Ed Miliband still 'doesn't understand' business

The Labour leader isn't winning fans in UK plc, but will this hurt him in the election?

by Rachel Savage
Last Updated: 26 Mar 2015

Ed Miliband ‘doesn’t understand’ business. That’s the pretty damning view of Baroness Karren Brady, one of the country’s best-known businesspeople by virtue of her role as a judge on The Apprentice.

‘Labour has shifted so far to the left that I think most business people are very concerned about what will happen to their business and their growth if there’s a Labour government,’ the Conservative peer and West Ham vice chairman told Politics Home.

‘Sometimes you have to roll up your sleeves, you have to understand what it takes to run a business,’ Brady, who is also tipped as a London mayoral candiate, continued. ‘The more we chase business away or we depict business as bad, the worse this country will be.’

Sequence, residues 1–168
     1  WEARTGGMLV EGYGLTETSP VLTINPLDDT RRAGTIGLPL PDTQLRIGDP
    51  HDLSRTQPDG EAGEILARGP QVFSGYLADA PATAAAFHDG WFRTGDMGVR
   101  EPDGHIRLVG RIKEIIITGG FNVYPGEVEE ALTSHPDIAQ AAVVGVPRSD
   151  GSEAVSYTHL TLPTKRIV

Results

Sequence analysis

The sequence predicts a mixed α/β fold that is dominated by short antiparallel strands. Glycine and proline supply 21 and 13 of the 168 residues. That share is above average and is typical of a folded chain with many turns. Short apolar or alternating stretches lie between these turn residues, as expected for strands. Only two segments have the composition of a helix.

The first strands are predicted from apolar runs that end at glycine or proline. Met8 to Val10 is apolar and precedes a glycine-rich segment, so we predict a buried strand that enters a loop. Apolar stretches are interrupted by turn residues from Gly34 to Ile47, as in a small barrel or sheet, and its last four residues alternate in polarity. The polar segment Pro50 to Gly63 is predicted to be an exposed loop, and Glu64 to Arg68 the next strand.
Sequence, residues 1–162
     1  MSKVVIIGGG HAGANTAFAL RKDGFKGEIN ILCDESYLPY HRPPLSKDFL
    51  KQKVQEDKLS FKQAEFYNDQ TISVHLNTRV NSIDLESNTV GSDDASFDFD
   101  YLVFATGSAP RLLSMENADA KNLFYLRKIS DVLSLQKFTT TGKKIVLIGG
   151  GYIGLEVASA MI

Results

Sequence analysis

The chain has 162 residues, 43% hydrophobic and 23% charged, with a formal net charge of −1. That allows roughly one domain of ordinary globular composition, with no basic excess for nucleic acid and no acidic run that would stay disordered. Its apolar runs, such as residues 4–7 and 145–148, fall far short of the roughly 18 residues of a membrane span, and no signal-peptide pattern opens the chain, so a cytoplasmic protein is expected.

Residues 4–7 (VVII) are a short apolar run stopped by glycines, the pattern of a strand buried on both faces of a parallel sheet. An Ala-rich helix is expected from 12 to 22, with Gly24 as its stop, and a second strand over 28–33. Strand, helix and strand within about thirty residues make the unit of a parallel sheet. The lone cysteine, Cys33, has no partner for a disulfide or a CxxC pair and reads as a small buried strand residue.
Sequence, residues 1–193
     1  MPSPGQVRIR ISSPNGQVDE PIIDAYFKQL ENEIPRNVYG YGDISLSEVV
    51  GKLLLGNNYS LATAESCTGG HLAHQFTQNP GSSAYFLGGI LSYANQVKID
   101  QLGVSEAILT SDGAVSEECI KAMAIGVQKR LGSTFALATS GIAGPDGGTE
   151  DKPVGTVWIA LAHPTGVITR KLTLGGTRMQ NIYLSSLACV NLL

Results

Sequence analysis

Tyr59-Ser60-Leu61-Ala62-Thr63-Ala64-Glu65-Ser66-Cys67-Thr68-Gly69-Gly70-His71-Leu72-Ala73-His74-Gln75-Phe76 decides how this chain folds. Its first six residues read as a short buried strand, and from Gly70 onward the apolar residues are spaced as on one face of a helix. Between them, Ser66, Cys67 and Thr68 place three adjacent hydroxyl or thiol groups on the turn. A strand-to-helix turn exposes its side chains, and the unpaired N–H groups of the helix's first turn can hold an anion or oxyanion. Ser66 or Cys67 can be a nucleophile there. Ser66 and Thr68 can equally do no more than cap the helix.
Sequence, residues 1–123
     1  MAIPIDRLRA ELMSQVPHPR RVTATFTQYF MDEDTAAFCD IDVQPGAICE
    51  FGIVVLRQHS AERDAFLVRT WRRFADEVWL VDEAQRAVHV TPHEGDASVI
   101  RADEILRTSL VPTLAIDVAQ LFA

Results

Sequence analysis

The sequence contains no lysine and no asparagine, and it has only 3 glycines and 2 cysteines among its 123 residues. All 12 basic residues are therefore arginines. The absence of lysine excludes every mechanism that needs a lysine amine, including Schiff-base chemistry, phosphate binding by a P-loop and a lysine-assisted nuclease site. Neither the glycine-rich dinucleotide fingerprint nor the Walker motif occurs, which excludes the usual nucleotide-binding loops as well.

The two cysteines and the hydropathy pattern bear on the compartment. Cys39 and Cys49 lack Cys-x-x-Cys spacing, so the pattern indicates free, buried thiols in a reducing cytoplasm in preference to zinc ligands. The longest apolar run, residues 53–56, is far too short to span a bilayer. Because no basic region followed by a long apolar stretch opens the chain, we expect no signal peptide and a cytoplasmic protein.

This isn’t the first time the Labour leader has come in for criticism from business leaders in the run up to May’s General Election. Boots boss Stefano Pessina warned a Miliband government would be a ‘catastrophe’ in February, while IoD director general Simon Walker said Ed had lost the ‘hard won respect of the City of London’.

A recent YouGov poll that found the vast majority of 1,227 ‘senior business decision makers’ thought the Tories would be better for big companies’ shareholders, employees and customers, as well as the economy as a whole, will also cause headaches for Labourites hoping their pro-EU stance would distract business from Miliband’s more populist policies.

And Miliband isn’t dialing down on his left-leaning ideas either. After catapulting the ‘Big Six’ energy companies into the realm of business baddies by promising to freeze to energy prices, he is now saying he will cut bills by 10% by the end of the year if he wins the election.

It’s not exactly the most sensible idea given how much private investment the UK needs to keep the lights on. But with the polls pointing to a Labour-SNP coalition as the most likely outcome in what is a pretty wide-open contest, Miliband seems to feel that populist pandering is his best route into Number 10, rather than looking to work with the people and companies that actually create jobs.


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